5/10/2014

On handling things poorly: A how to guide for losing your eferloving mind Parenting

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You know that part of your gut that tells you wise decisions in which you promptly ignore? It’s also the same part of your gut that knows you’re holding on to some trauma that your brain hasn’t processed.

You should probably start listening to that part of your gut unless you want to lose-your-shit at a Laser Tag Team Building Exercise.

I’m not a gun person. I’m so not a gun person that the one time I shot a real gun at a range with my parents, I promptly set the thing down, walked in to the bathroom, and hyperventilated until the automatic lights turned off with me sitting in the stall.

Rule #1 to losing your shit: Deny your emotional response to tragedy.

I don’t think I’ve always had this phobia of guns. Up until a few years ago I might have been somewhat ambivalent about them. But now, well, things have changed in the world, my world, our world, and I am no longer uncertain about my thoughts on guns.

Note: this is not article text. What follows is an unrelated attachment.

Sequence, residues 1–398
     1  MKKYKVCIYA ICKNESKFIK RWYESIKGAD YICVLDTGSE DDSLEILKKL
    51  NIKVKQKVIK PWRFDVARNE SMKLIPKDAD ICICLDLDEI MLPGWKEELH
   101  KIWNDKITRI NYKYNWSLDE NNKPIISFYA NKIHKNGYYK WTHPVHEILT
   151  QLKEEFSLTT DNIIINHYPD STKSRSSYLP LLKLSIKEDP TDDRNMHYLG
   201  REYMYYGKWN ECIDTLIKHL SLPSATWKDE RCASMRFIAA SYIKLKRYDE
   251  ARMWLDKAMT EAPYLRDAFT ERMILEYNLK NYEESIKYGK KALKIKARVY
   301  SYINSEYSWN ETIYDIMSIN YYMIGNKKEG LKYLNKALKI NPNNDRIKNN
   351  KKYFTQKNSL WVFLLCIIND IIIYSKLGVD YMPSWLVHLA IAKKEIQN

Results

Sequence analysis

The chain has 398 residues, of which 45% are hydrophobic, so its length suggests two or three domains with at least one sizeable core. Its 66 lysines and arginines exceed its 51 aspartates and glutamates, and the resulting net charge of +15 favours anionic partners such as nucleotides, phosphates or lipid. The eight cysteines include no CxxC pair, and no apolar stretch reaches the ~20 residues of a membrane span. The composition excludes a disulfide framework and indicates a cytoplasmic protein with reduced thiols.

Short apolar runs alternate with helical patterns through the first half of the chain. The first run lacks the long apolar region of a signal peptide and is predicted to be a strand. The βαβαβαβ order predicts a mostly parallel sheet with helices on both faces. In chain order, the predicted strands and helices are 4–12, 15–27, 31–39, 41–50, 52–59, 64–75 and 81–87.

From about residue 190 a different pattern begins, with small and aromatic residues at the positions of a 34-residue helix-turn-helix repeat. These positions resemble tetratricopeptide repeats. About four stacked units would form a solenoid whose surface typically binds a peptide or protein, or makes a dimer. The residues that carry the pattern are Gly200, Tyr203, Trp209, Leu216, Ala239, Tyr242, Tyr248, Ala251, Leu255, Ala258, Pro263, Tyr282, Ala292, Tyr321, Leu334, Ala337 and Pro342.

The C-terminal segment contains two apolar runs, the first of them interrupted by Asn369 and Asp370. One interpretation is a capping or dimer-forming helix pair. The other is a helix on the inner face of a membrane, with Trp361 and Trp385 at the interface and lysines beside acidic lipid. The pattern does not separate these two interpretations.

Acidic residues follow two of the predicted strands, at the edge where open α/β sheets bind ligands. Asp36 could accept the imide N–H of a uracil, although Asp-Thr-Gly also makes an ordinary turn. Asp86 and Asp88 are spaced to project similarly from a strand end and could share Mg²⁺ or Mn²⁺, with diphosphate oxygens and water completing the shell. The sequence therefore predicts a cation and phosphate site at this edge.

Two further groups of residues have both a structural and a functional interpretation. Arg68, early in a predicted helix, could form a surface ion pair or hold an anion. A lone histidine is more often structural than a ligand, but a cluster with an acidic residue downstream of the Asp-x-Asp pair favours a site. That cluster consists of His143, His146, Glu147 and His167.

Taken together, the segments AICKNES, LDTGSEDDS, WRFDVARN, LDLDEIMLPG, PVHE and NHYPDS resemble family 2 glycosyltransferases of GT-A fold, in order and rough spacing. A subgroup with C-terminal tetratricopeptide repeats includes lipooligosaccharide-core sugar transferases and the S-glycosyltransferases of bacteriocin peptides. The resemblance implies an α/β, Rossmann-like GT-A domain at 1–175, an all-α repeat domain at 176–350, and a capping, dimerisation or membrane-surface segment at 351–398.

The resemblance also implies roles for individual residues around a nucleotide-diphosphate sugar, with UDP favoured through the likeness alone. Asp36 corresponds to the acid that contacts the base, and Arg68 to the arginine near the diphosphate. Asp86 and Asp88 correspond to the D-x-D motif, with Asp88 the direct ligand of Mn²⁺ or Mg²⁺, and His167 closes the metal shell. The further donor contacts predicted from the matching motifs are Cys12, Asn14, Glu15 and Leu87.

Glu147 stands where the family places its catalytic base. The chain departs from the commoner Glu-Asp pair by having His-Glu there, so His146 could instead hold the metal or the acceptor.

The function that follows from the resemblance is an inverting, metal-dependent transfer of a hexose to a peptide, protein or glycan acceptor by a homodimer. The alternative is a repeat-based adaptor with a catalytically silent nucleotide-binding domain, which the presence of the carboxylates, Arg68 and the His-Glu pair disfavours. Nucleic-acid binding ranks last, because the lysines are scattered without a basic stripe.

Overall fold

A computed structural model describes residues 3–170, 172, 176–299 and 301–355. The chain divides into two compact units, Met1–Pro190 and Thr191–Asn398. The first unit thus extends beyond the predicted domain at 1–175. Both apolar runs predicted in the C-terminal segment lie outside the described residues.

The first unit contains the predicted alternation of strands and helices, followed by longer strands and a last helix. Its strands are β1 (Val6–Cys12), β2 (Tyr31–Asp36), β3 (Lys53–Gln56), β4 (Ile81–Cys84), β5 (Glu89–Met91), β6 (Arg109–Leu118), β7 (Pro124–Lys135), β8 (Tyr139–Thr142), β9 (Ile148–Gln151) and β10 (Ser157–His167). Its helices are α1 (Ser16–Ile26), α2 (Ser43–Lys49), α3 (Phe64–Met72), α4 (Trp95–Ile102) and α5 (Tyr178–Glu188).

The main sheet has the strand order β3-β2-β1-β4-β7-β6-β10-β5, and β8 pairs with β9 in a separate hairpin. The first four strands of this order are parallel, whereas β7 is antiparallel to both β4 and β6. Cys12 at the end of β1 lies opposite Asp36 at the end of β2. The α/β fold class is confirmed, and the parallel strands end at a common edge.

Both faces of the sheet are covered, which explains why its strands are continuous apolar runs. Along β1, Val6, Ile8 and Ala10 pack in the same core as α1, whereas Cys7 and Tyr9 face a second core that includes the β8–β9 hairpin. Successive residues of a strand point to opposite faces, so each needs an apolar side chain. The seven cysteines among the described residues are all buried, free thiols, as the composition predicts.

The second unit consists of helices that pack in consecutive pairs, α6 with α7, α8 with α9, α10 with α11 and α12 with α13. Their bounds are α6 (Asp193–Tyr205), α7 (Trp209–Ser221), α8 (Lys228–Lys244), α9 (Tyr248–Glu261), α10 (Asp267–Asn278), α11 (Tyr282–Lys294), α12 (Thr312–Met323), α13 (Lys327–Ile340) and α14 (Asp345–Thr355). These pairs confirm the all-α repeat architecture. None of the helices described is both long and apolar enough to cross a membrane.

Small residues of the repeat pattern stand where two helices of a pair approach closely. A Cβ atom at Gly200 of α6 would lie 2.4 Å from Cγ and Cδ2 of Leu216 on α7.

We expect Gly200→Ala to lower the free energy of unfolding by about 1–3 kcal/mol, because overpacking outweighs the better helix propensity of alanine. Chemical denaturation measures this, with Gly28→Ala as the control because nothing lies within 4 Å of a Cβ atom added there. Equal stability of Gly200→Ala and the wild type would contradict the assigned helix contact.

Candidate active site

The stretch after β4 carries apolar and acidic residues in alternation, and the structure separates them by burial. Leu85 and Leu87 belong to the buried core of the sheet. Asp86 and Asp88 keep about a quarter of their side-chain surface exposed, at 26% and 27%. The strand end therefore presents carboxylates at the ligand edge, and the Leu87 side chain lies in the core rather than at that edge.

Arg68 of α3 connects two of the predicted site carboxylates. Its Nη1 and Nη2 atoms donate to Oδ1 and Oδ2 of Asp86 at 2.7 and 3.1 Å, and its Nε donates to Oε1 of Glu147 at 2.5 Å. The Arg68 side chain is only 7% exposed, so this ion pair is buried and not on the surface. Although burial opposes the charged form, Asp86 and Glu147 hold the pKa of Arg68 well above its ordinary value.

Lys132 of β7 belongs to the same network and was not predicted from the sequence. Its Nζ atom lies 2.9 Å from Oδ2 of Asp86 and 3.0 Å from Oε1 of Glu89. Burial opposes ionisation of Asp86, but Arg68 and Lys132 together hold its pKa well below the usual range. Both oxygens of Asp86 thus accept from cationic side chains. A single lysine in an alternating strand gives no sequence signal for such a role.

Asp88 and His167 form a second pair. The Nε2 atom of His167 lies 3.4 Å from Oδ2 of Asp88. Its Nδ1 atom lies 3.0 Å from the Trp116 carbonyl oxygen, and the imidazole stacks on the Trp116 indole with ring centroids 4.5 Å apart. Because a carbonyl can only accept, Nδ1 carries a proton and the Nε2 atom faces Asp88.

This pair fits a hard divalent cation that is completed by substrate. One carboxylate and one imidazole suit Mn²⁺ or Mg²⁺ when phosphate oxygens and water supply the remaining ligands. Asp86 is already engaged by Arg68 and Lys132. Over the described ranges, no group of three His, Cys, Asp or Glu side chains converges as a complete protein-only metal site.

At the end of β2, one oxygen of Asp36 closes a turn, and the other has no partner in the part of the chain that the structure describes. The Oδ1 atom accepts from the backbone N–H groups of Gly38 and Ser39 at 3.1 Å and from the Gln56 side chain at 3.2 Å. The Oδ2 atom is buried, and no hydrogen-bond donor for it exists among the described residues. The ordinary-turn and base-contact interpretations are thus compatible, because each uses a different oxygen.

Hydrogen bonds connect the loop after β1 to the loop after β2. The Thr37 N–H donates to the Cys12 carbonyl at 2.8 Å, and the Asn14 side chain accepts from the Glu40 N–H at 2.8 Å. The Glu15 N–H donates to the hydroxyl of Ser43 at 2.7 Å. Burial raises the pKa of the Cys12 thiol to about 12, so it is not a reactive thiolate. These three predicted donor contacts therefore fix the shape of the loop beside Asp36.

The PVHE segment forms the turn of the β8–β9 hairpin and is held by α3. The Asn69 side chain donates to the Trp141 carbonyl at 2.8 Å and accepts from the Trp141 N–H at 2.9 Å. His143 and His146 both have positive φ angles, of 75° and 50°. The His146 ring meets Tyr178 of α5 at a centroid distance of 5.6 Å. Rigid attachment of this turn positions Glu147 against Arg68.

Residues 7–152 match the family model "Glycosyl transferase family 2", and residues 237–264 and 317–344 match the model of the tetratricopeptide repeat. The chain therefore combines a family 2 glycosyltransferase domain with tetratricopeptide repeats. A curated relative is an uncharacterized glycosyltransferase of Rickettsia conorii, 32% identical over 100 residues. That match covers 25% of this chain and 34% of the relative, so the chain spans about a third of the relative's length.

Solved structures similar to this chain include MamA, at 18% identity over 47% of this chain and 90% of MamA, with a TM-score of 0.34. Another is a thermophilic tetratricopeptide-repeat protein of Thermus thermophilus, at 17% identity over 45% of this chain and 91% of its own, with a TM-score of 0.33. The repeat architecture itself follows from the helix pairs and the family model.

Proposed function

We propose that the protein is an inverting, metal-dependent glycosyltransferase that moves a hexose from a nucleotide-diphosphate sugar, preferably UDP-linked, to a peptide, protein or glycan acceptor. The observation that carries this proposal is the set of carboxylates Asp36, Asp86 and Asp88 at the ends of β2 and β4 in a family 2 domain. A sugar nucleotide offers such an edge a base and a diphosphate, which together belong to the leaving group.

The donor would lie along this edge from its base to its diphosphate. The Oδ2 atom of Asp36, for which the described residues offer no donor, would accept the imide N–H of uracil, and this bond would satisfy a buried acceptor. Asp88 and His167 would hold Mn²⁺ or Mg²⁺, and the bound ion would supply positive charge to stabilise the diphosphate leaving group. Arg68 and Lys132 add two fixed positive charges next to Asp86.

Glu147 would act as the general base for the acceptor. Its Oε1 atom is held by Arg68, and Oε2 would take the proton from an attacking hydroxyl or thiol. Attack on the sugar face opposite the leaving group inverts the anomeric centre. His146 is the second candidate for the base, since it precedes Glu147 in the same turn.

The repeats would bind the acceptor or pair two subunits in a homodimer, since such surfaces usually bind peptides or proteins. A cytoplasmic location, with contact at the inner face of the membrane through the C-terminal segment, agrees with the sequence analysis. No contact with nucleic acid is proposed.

5/6/2014

Reflections on A Talk, A conference, A week Travel Women in Technology

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It wasn’t what they were expecting. I called it the Oatmeal Raisin Cookie talk. I baked in a discussion about gender equality within the title “Creative Development.” I think someone in the second row rolled their eyes.

It was probably the 8th or 9th time I’ve been on stage. It’s always so hard to begin the speech you’ve been feverishly obsessing over. The last nine months, since Low asked if I’d speak, were filled of notebooks and research and outlines and more outlines. I was a proper freak stopping a TED talk or an audiobook to jot down a point I wanted to expand on or integrate in my talk. I spent more than a few meetings scribbling notes to myself in Evernote, only partially related to the meeting topic but relevant to a future conversation I would have with myself first, and an audience second.